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Why We All Dream of Being Jewel Thieves - The Daily Beast
"The other details of the crime—the crew’s misleading orange work vests with GAS written on them, the hard hats, the plastic garbage bins, the walkie-talkies, the concrete drill—reveal that the tools and techniques of breaking and entering are more often than not also those of architectural construction and maintenance. In other words, cutting through walls for reasons of plunder and cutting through walls for reasons of firefighting or architectural renovation are conceptually separate but technically identical."
architecture  crime  cities  london  via:bldgblog  infrastructure  shadowinfrastructure 
january 2016 by sha
Beeple - the work of mike winkelmann (cinema 4d project files, free vj loops etc.)
He's been making a new 3D science-fictiony image every day since 2007. Some lovely things. (via Bldblog)
3d  mikewinkelmann  cinema4d  computergraphics  sciencefiction  via:bldgblog 
august 2015 by philgyford
The Jefferson Grid (@the.jefferson.grid) • Instagram photos and videos
Lovely. Aerial shots of squares of the US as marked out by the Public Land Survey System, originally created in 1785. (via Bldgblog)
via:bldgblog  instagram  maps  mapping  usa  aerialphotos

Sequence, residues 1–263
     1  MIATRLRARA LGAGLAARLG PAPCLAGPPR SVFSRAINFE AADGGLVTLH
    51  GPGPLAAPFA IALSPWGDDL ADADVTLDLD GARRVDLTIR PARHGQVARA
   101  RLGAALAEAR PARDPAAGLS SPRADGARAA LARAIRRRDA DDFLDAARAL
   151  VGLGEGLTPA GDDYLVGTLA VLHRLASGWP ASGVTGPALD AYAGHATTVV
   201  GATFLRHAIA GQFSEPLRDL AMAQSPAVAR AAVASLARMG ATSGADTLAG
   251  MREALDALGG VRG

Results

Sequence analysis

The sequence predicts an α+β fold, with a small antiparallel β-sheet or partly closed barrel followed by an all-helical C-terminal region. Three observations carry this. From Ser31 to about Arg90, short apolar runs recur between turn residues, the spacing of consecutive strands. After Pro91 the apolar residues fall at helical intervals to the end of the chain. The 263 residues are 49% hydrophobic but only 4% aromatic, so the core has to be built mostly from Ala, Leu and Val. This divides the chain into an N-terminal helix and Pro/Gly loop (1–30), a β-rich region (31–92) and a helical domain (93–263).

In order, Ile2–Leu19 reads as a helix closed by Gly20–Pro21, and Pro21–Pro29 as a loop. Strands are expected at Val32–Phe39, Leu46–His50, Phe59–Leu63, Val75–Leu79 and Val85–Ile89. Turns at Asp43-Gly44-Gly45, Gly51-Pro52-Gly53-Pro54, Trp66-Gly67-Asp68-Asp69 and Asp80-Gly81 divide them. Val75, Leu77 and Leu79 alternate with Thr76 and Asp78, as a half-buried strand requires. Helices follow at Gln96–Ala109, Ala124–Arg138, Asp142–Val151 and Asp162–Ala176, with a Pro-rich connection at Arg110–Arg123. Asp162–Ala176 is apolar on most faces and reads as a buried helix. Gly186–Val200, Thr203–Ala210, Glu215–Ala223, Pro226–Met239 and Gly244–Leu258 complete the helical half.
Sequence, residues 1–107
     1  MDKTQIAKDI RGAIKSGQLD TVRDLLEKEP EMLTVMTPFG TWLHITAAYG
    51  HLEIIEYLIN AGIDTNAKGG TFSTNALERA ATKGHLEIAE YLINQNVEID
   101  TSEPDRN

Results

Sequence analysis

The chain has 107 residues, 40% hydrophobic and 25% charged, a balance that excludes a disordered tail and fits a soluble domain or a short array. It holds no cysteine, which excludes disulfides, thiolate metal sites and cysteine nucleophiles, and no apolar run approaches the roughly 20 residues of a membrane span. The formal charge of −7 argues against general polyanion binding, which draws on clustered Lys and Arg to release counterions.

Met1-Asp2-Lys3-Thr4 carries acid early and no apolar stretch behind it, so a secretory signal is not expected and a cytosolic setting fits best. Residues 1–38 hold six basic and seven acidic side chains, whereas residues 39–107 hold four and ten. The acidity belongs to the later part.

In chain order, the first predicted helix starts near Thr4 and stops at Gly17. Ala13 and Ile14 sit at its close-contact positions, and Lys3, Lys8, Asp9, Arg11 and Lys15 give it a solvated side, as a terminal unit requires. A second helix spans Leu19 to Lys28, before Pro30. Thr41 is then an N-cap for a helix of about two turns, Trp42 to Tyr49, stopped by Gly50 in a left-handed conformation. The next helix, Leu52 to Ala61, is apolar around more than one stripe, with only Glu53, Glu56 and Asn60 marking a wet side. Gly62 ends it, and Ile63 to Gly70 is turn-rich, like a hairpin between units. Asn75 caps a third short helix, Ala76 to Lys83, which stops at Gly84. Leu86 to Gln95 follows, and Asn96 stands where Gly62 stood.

august 2015 by philgyford
Stairs to nowhere, trap streets, and other Toronto oddities
'There’s a set of stairs on Greenwood Avenue that lead nowhere. At the top, a wooden fence at the end of someone’s back yard blocks any further movement, forcing the climber to turn around and descend back to the street. What’s remarkable about the pointless Greenwood stairs, which were built in 1959 as a shortcut to a now-demolished brickyard, is that someone still routinely maintains them: in winter, some kindly soul deposits a scattering of salt lest one of the stairs’ phantom users slip; in summer someone comes with a broom to sweep away leaves.
These urban leftovers are lovingly called “Thomassons” after Gary Thomasson, a former slugger for the San Francisco Giants, Oakland As, Yankees, Dodgers, and, most fatefully, the Yomiuri Giants in Tokyo.'
trap-streets  maps  ip  google  via:bldgblog  mapping  copyright  thomassons  orphaned-roads 
march 2015 by jm
In Ukraine, Tomorrow’s Drone War Is Alive Today
Drones, hackerspaces and crowdfunding:
The most sophisticated UAV that has come out of the Ukrainian side since the start of the conflict is called the PD-1 from developer Igor Korolenko. It has a wingspan of nearly 10 feet, a five-hour flight time, carries electro-optical and infrared sensors as well as a video camera that broadcasts on a 128 bit encrypted channel. Its most important feature is the autopilot software that allows the drone to return home in the event that the global positioning system link is jammed or lost.

Drone-based intelligence gathering is often depicted as risk-free compared to manned aircraft or human intelligence gathering, but, says Korolenko, if the drone isn’t secure or the signature is too obvious, the human coasts can be very, very high.

“Russian military sometimes track locations of ground control stations,” he wrote Defense One in an email. “Therefore UAV squads have to follow certain security measures - to relocate frequently, to move out antennas and work from shelter, etc. As far as I know, two members of UAV squads were killed from mortar attacks after [their] positions were tracked by Russian electronic warfare equipment.”